PBS said its decision is a reaction to the show's declining ratings and the desire of many local stations, which set their own schedules, for new programming. Episodes eventually may be available online, PBS said.
About 60 percent of PBS' 355 member stations carry "Mister Rogers." After Monday, that will shrink to a handful showing it daily, estimated an executive at Family Communications, a non-profit launched by Fred Rogers that produced and still owns the show.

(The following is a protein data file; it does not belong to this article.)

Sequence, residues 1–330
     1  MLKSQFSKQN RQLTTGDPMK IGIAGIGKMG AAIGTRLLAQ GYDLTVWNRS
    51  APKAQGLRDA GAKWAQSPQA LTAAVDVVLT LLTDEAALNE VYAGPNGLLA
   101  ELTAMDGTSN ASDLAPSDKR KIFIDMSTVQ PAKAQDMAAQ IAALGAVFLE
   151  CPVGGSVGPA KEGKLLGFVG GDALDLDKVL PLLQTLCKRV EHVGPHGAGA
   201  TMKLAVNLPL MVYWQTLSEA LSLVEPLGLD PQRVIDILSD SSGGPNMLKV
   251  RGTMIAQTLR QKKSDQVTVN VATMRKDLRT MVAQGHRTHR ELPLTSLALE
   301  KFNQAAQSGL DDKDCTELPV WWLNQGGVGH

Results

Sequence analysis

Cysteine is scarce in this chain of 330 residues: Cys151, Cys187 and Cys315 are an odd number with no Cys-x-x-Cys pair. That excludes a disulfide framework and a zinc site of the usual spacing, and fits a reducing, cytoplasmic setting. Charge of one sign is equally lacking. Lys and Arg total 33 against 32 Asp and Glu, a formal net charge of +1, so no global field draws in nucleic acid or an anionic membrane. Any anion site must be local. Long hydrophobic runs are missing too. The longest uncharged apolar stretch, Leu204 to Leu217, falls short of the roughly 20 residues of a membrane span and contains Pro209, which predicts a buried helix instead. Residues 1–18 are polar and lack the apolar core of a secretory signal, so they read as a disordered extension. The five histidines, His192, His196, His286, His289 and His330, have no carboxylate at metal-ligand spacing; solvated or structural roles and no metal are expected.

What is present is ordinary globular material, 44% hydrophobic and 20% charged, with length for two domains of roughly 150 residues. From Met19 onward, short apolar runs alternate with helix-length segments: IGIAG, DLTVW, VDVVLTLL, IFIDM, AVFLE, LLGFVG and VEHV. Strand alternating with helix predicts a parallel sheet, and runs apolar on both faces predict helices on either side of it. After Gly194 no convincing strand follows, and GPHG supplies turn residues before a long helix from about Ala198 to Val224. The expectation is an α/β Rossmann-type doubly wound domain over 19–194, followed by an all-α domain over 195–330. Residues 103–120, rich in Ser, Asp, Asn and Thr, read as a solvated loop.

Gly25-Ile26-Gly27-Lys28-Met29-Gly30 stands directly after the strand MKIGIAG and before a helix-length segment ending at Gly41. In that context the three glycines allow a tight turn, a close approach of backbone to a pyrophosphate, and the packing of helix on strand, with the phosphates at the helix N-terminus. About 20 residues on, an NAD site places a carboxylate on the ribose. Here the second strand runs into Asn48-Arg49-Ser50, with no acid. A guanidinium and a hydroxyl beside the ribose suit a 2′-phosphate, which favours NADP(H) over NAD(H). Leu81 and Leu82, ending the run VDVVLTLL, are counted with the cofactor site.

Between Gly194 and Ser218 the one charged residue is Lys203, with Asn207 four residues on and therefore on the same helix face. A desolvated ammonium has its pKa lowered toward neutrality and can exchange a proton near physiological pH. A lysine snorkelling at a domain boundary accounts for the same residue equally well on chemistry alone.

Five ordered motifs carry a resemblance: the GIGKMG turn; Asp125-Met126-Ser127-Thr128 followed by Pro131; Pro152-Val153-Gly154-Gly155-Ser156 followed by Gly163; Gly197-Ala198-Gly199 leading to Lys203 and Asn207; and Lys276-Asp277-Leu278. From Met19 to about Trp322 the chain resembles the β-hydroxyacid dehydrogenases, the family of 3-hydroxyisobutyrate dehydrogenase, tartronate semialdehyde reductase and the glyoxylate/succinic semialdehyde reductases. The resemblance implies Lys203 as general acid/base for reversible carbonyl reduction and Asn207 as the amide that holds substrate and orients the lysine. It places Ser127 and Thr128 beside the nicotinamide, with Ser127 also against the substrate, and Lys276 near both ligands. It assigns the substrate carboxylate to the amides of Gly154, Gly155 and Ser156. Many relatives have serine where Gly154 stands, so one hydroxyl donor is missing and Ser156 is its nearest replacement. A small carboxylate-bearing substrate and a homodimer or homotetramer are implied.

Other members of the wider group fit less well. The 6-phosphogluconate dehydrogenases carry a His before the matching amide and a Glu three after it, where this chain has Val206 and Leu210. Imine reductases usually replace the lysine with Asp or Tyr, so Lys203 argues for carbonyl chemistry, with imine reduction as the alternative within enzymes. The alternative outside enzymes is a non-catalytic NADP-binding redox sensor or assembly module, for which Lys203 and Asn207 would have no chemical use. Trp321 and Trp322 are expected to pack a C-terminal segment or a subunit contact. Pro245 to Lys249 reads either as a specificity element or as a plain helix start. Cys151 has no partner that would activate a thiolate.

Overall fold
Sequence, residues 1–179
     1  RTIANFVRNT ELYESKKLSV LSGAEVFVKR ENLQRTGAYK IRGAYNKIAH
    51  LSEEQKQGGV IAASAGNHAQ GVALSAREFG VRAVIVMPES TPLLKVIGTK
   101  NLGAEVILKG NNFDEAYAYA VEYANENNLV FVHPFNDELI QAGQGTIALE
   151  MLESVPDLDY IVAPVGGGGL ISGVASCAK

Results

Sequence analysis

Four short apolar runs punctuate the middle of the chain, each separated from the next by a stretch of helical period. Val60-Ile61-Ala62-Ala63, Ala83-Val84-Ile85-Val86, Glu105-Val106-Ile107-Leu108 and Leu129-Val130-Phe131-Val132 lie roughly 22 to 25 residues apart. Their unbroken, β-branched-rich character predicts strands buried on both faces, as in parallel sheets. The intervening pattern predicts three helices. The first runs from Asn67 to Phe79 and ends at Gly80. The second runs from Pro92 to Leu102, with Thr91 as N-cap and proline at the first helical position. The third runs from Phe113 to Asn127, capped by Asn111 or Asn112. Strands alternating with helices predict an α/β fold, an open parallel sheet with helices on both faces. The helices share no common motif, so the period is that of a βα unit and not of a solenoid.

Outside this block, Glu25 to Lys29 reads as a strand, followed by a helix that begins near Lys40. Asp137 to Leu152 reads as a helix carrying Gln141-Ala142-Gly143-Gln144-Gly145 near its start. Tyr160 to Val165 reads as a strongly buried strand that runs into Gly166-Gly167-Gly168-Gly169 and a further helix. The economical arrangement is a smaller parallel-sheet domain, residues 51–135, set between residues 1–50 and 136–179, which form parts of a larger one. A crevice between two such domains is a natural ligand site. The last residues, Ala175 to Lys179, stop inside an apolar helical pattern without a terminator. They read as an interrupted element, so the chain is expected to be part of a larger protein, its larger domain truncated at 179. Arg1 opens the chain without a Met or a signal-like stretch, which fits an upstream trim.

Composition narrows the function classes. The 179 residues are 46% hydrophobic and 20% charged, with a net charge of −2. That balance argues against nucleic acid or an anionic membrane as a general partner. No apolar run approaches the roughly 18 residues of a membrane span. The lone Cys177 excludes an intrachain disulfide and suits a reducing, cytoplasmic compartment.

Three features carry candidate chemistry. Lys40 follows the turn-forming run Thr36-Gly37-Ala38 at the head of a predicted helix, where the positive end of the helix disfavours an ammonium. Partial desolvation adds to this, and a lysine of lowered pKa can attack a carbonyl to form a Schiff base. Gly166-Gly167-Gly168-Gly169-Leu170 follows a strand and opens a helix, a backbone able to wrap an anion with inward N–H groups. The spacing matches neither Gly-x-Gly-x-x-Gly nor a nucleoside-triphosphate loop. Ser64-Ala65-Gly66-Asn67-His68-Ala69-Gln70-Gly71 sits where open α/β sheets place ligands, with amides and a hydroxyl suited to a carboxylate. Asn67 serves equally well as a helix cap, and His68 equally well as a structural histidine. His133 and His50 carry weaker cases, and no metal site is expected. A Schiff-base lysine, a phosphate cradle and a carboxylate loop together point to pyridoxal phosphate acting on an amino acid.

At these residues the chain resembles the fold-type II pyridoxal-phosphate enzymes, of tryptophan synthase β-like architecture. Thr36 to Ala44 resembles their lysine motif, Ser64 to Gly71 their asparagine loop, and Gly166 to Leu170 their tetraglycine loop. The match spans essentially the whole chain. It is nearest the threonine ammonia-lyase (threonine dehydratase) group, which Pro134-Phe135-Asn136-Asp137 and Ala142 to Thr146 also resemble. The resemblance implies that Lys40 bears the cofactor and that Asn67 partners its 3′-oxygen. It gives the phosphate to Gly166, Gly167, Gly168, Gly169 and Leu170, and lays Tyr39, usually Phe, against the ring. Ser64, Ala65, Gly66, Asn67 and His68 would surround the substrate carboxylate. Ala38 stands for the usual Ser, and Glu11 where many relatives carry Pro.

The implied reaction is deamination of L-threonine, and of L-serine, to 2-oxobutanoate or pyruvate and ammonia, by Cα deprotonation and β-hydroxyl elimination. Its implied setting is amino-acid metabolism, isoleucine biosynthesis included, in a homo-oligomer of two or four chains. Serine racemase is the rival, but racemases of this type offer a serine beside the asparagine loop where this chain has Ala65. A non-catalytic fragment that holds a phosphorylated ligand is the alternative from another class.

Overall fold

The change means it's no longer feasible for PBS to keep "Mister Rogers" on the air, said Dan Soles, senior vice president of television content at WTTW. It showed "Mister Rogers" at 6 a.m. as part of 12 hours of children's programming a day.
With all the old dreck showing 24/7 on dozens of cable networks, is there no place for one of the finest children's shows of all time?